ROBERT MIDDLEKAUFF is Preston Hotchkis Professor of American History, Emeritus, at the University of California, Berkeley. He has been the director of the Huntington Library, Art Collections, and Botanical Gardens (1983–1988); and Harold Vyvyan Harmsworth Visiting Professor of American History at the University of Oxford. His books include The Mathers: Three Generations of Puritan Intellectuals, 1596–1728, which won the Bancroft Prize; The Glorious Cause: The American Revolution, 1763–1789, which was a finalist for the Pulitzer Prize; and Benjamin Franklin and His Enemies.
Here is the impetuous young officer whose miraculous survival in combat half-convinced him that he could not be killed. Here is the free-spending landowner whose debts to English merchants instilled him with a prickly resentment of imperial power. We see the general who lost more battles than he won and the reluctant president who tried to float above the partisan feuding of his cabinet. His Excellency is a magnificent work, indispensable to an understanding not only of its subject but also of the nation he brought into being.
Revolutionary hero, founding president, and first citizen of the young republic, George Washington was the most illustrious public man of his time, a man whose image today is the result of the careful grooming of his public persona to include the themes of character, self-sacrifice, and destiny.
As Washington sought to interpret the Constitution's assignment of powers to the executive branch and to establish precedent for future leaders, he relied on his key advisers and looked to form consensus as the guiding principle of government. His is a legacy of a successful experiment in collective leadership, great initiatives in establishing a strong executive branch, and the formulation of innovative and lasting economic and foreign policies. James MacGregor Burns and Susan Dunn also trace the arc of Washington's increasing dissatisfaction with public life and the seeds of dissent and political parties that, ironically, grew from his insistence on consensus. In this compelling and balanced biography, Burns and Dunn give us a rich portrait of the man behind the carefully crafted mythology.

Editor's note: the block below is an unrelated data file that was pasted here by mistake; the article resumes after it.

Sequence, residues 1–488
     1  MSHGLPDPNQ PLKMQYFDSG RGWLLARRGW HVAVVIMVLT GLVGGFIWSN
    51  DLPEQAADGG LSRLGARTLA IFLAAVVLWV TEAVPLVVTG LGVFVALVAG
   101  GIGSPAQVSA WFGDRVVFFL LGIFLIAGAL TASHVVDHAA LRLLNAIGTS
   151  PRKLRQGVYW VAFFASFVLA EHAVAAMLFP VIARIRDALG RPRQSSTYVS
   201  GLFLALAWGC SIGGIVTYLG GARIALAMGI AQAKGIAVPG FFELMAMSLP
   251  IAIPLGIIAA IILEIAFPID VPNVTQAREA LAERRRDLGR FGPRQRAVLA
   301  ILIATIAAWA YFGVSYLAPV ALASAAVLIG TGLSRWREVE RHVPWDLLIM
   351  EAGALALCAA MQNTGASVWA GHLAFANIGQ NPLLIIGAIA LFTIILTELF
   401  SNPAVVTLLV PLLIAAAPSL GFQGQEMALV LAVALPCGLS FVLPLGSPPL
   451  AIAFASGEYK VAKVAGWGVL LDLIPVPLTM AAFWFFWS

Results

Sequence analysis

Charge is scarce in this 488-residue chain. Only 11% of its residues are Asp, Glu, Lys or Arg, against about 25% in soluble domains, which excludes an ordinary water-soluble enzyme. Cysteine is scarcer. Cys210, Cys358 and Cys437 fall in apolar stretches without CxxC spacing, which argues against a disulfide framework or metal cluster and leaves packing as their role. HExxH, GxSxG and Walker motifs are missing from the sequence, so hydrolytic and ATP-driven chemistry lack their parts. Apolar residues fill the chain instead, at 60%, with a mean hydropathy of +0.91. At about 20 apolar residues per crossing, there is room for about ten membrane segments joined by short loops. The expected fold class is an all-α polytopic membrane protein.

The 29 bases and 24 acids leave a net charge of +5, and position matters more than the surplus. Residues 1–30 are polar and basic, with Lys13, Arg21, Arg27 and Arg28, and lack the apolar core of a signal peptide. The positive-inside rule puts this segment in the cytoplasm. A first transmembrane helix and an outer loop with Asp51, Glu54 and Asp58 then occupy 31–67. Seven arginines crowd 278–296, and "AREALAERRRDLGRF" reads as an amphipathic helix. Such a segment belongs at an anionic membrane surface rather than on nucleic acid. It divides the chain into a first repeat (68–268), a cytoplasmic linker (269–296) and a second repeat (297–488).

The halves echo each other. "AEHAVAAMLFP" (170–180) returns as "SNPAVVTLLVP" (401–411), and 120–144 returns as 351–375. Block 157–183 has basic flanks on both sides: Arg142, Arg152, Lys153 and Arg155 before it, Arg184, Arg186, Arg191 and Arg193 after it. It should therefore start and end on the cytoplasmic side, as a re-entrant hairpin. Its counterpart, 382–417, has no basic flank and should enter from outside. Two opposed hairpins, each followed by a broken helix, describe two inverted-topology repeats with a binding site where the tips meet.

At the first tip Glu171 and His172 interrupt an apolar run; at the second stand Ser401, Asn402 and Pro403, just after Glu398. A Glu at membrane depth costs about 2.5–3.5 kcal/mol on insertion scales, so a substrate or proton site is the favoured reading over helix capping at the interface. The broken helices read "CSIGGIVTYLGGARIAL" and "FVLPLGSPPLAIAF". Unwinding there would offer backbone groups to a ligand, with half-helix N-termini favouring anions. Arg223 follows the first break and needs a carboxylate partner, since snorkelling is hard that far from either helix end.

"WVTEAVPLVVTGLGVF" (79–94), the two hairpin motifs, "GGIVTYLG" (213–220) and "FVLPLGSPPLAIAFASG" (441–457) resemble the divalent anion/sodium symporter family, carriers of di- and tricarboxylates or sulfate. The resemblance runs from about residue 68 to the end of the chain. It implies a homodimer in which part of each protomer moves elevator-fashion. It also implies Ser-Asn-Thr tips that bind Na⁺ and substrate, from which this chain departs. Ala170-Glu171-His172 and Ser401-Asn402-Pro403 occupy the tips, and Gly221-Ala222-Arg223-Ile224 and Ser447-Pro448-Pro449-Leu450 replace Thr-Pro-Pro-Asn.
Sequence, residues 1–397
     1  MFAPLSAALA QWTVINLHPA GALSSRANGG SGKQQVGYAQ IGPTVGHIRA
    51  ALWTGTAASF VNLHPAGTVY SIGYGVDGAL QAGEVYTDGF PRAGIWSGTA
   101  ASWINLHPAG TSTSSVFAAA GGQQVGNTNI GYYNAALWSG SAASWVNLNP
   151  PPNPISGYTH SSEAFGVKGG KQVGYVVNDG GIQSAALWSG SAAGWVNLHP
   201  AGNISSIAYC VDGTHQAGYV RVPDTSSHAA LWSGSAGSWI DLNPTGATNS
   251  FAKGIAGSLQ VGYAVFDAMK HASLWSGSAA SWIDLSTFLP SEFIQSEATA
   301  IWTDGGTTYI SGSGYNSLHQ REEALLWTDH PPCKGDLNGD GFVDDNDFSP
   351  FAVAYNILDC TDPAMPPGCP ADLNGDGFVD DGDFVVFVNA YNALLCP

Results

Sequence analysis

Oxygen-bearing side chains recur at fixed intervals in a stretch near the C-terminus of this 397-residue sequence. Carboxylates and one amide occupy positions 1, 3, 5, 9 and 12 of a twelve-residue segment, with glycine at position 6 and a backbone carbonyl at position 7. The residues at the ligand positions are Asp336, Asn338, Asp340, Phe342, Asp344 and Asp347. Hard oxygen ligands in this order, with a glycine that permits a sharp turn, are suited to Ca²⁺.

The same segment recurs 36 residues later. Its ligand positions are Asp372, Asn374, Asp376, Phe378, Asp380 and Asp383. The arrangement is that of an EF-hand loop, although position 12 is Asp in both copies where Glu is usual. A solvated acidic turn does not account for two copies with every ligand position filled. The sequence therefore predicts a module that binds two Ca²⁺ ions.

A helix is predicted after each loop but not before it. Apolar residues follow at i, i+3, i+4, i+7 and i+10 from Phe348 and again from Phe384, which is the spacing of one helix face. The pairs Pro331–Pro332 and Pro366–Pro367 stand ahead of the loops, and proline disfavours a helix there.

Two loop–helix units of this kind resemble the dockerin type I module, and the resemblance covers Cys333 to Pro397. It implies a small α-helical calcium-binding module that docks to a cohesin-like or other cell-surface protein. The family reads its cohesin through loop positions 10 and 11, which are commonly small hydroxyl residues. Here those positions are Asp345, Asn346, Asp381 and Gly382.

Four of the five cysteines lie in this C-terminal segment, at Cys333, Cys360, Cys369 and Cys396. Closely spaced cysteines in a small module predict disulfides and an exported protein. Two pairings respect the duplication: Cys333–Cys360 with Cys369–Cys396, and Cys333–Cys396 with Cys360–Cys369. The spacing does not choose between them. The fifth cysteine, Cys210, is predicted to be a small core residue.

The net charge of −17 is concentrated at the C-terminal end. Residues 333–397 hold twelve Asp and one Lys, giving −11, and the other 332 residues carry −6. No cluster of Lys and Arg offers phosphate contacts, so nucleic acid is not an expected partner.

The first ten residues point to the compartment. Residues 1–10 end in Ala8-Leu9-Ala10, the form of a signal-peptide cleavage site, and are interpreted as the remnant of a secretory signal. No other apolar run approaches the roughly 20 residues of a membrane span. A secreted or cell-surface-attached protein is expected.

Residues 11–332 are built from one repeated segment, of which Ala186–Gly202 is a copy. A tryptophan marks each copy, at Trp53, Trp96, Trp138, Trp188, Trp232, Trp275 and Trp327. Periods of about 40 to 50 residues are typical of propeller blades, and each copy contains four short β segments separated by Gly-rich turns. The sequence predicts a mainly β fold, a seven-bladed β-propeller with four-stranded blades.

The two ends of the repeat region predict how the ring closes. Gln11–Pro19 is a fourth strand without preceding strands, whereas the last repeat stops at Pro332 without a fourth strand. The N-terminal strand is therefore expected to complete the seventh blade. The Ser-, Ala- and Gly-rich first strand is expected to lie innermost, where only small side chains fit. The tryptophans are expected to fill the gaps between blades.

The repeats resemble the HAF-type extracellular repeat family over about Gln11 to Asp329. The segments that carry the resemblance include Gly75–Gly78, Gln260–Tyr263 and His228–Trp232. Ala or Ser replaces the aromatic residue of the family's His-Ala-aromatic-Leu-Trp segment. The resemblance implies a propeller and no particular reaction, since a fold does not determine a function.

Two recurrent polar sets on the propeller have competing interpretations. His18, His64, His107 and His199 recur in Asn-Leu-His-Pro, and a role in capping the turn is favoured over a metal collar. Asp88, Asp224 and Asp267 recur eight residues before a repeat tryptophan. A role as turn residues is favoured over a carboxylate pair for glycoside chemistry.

Washington influenced every phase of the Revolutionary war, from beginning to end. He left his mark with strategies and a vision of the Revolution as a war of attrition. His offenses were as brilliant as they were unpredictable, such as his legendary Christmas Day strike at Trenton, and a bold foray through the fog to nearly drive the British from the field at Germantown. It was an aggressive attack that helped convince the French that the American Army was worth supporting. In Washington, award-winning author Gerald M. Carbone argues that it is this sort of fearless but not reckless, spontaneous but calculated, offensive that Washington should be remembered for--as a leader not of infallibility but of greatness.